It's Time for Maps to Stand Up

Zebra 3D Map     Photo: Peter Arkle

IT'S LITERALLY a matter of life and death: soldiers navigating mountain passes and urban alleyways need the fastest and safest route from A to B. Satellite-photo maps, the standard tool for decades, often have a serious drawback: no contour lines, and thus no depth. What looks like a curb could be a 20-foot wall; a seemingly shallow ditch might be impassable—and trap them in a kill zone.

Enter the holographic map. Austin-based Zebra Imaging has developed flexible plastic sheets that morph into three-dimensional holograms when exposed to a halogen or LED flashlight beam, with peaks and buildings literally rising off the page. And unlike paper printouts and GPS units, the holographic maps—of which the military now has 8,000 in Afghanistan and Iraq—can be stomped on, soaked, and stuffed. "They don't get old, they don't break, and you don't have to worry about the battery dying," says Michelle Kalphat, of the Army's research-and-development command.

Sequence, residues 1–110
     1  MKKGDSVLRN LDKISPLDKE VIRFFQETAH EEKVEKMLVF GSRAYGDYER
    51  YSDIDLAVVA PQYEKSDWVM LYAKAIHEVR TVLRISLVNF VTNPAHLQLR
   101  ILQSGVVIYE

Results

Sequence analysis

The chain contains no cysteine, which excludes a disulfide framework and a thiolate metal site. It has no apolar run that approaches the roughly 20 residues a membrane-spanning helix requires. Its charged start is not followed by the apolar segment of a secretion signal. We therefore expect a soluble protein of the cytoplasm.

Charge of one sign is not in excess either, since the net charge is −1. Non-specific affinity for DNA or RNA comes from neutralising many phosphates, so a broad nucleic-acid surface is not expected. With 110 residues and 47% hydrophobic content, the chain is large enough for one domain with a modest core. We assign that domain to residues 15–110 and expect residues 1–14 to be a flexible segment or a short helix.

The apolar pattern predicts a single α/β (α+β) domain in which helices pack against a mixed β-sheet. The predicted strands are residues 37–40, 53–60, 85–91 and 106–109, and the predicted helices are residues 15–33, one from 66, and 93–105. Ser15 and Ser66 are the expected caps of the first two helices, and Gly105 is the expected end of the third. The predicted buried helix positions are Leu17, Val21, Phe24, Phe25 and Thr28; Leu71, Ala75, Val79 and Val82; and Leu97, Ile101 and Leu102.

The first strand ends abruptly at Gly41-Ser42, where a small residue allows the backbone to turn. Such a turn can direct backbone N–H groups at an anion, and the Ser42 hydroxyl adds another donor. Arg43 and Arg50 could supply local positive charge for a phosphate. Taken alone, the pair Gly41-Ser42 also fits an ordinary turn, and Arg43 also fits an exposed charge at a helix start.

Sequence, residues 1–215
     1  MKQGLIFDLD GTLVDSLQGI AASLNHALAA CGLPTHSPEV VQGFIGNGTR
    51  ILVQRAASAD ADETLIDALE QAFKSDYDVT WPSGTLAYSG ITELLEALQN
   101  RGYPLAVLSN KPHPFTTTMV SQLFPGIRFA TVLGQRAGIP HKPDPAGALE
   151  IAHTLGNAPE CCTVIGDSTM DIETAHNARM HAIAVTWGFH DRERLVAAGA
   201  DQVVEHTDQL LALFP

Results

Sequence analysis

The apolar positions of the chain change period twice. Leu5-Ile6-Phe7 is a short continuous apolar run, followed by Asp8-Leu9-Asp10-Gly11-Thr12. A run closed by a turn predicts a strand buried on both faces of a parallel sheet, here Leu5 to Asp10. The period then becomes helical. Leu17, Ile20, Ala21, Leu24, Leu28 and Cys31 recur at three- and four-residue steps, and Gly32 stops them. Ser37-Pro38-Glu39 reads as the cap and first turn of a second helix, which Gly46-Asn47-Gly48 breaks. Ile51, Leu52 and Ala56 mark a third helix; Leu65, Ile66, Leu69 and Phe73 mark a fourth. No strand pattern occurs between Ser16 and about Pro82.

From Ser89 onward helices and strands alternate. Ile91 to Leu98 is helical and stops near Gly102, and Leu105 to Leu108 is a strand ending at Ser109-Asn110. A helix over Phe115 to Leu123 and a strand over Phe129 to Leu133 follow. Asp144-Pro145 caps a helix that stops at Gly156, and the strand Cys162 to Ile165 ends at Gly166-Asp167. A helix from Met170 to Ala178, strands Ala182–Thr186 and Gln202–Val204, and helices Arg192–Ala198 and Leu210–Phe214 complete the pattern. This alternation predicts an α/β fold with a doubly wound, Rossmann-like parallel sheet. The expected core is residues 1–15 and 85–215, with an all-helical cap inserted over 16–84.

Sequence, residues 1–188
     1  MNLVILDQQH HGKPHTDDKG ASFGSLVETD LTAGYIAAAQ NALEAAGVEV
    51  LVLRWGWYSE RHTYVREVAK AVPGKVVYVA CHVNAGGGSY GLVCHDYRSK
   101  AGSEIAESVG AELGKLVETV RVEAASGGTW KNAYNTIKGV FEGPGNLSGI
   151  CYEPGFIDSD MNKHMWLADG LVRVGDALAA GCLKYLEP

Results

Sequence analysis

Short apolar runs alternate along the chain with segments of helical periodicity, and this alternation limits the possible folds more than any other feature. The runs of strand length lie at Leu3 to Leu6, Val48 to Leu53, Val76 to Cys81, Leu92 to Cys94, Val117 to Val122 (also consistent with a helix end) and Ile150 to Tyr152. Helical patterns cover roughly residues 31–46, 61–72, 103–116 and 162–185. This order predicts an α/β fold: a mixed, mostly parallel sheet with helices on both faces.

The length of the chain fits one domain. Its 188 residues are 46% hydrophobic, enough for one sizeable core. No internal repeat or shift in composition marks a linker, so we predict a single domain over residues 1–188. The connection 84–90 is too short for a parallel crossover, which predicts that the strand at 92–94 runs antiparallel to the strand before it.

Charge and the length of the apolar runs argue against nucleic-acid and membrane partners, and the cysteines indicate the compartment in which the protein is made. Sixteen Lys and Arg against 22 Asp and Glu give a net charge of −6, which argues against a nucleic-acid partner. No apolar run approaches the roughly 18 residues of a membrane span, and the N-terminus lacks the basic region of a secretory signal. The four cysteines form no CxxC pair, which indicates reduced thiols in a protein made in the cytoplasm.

Zebra starts with three-dimensional images pulled from satellites, then records thousands of perspectives of the same image onto photosensitive film. Each view is printed with lasers as a series of squiggles that reflect light in a specific direction, intensity, and color. Viewed together, layered one atop another, they give the illusion of height and depth. Printed on 3-by-2.5-foot panels, the sheets can be tiled together into 10-by-9-foot maps and etched with latitude and longitude lines and compass directions. Zebra has also begun work on maps for disaster-response teams that can show how different areas will be affected by rising floodwaters, depending on the angle from which the map is viewed.

We know what you're thinking: so when do I get to tote my 3-D map into the backcountry? It'll be a while. The maps start at $1,500 and take three hours to print on Zebra's room-size machine.

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